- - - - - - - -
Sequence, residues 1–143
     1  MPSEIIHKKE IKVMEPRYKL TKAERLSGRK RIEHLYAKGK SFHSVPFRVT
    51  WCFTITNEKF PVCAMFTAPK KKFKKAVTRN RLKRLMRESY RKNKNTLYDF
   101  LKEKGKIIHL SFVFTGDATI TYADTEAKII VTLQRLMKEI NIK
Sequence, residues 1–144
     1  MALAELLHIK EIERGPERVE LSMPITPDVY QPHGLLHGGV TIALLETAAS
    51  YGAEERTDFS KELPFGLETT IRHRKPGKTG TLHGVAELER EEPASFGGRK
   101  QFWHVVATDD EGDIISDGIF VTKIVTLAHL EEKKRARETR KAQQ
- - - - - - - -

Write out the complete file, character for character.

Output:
Sequence, residues 1–143
     1  MPSEIIHKKE IKVMEPRYKL TKAERLSGRK RIEHLYAKGK SFHSVPFRVT
    51  WCFTITNEKF PVCAMFTAPK KKFKKAVTRN RLKRLMRESY RKNKNTLYDF
   101  LKEKGKIIHL SFVFTGDATI TYADTEAKII VTLQRLMKEI NIK
Sequence, residues 1–144
     1  MALAELLHIK EIERGPERVE LSMPITPDVY QPHGLLHGGV TIALLETAAS
    51  YGAEERTDFS KELPFGLETT IRHRKPGKTG TLHGVAELER EEPASFGGRK
   101  QFWHVVATDD EGDIISDGIF VTKIVTLAHL EEKKRARETR KAQQ